Homesteading What It Is All About
Homesteading is about connection to the land and finding a natural path more than anything else. To many that means eco-friendly while to others it is about rediscovering skills from the past that are in danger of being forgotten.
First and foremost, it is about raising a family in the most physically and emotionally healthy way manner… near the land.
Homesteading is self-reliance regarding food, clothing, and other goods that can be made at home as an example of minimalism. Instead of buying it from a store, homesteaders, mainly for agricultural purposes, grow their own food or cotton and even rely on wind and solar panels as alternative to produce their own source of life.
Many homesteaders have begun growing their own gardens, planting orchards (fruit and Nuts) and raising livestock animals such as chickens, pigs, cows, sheep and goats. For homesteaders, owning land and raising their animals creates a connection with the land. It is privilege to work the land and teach these homesteading skills to the next generation of children.
Homesteaders usually live away from the cities, choosing rural areas where larger pieces of land are easier to come by. But the truth is…. you can homestead ANYWAY including in the city! Homesteading is a state of mind rather than a location.
A key aspect about homesteading is that people have a deep desire for seeking ways to learn skills that help cut ties with the consumerist world…. in different degrees. Adopt the independence concept of living life with a reduced dependency on processed materials and food can be difficult and may take a long period of time.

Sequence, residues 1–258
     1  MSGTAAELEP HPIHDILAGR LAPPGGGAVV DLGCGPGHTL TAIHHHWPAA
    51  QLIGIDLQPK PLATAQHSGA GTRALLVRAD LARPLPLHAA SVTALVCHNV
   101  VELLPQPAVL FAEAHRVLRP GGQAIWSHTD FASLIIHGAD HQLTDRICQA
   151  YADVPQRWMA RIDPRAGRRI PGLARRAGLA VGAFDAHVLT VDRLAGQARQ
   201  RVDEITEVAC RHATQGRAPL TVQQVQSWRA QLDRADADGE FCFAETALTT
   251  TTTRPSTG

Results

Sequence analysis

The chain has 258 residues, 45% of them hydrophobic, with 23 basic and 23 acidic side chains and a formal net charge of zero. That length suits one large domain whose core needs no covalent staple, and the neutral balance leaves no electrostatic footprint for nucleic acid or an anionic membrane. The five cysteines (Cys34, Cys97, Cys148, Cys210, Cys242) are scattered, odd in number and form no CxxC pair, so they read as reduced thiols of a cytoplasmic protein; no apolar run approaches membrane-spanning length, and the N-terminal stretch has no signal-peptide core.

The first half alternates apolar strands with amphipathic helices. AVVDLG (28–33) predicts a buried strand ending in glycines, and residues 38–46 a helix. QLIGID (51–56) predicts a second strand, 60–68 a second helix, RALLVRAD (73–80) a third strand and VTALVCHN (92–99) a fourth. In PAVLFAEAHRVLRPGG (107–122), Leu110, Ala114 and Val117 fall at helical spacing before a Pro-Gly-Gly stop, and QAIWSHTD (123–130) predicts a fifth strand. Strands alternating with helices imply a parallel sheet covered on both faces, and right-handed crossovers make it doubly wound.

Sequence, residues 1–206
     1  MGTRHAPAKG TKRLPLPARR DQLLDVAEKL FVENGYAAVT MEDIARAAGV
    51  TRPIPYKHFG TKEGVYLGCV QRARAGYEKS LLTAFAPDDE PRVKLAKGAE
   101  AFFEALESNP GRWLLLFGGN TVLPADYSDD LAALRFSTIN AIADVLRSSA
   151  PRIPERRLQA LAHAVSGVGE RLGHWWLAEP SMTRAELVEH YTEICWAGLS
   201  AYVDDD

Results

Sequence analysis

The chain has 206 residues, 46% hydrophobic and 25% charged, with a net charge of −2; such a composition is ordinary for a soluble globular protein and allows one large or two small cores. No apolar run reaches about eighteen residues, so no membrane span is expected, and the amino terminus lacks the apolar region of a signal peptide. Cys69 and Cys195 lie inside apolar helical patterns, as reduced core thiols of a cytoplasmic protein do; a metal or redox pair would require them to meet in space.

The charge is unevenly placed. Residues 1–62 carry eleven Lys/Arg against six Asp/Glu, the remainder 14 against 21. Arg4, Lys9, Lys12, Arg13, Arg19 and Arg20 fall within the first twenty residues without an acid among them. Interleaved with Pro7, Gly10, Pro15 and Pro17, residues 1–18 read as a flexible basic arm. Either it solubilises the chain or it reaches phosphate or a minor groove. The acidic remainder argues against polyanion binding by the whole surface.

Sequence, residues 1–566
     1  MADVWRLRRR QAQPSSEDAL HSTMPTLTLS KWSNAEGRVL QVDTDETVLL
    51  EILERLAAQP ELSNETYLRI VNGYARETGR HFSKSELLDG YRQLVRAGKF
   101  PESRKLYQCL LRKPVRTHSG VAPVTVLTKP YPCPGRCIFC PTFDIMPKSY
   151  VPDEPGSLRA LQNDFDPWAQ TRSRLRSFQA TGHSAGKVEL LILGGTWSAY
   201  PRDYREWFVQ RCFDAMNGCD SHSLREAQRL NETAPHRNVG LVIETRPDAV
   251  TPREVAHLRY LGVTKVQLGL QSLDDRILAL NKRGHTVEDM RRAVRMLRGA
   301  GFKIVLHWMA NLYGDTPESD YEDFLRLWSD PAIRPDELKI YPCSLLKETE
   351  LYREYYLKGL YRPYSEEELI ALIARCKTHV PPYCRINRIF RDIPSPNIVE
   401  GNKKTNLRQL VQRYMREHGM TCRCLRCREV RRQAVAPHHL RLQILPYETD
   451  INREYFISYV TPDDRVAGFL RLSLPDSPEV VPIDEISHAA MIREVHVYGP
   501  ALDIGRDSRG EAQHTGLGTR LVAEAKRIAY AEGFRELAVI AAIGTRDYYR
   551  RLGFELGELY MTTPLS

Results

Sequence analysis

Raising livestock animals is hard daily work that can be a rewarding is so many ways.
Some livestock animals such as chickens, ducks, geese and turkeys lay eggs and eventually meat.
Sheep, llama and alpacas have wool and hair that can be sheared and eventually meat.
Cows (dairy and beef cattle) and goats can be milked and eventually meat.
Bees create honey and help pollinate garden fruit and vegetables, flowers and fruit trees.
Dogs, donkeys and llamas are great homesteading guard animals that are very protective of the other livestock animals from predators.
Horses are good for traversing long distances and carrying heavy items.
While other livestock animals such as pigs and rabbits are raised to be reproduce for meat purposes.
Many homesteaders also choose to hunt for wild game such as ducks, turkeys, deer, bear and elk.
Fishing is another way to supplement a homesteading family’s food supply.
An added bonus of raising your own livestock animals is manure and making into natural fertilizer for soil for the flowers.
Canning is a way to preserve garden harvest for long term food storage.
Homesteaders know how to make their own goods, all homemade, such as hand soap with goat’s milk, dishwasher soap based from citrus, homemade beeswax and coconut oil candles, as well as old fashioned lye soap with the ashes of wood. Speaking about beeswax, homesteaders also learn how to be beekeepers, raising their own colony, and creating their own natural honey for various use.
What about dealing with weed killers and those pests that affect plants? Homesteaders learn how to make their own natural chemical free weed killer from vinegar and table salt. Of course, all of this is with manual labor.
Baking mixes and cooking with a Dutch oven is common in homesteading, less reliant on electricity and more for firewood and natural cooking.
It is a massive contrast in lifestyle compared to the suburban and city life. The land is expansive and the population is smaller.
The amount of independence is simply relying on what a homesteader grows and sells for financial support – many homesteaders have a second mainstream job to pay the bills.
Standards of living can be lower because fancy stuff is superficial.
Many who have converted to a homesteading lifestyle find themselves happier in living away from the stress of city life and “Keeping Up with the Jones” (debit and materialist possessions) standard of living…
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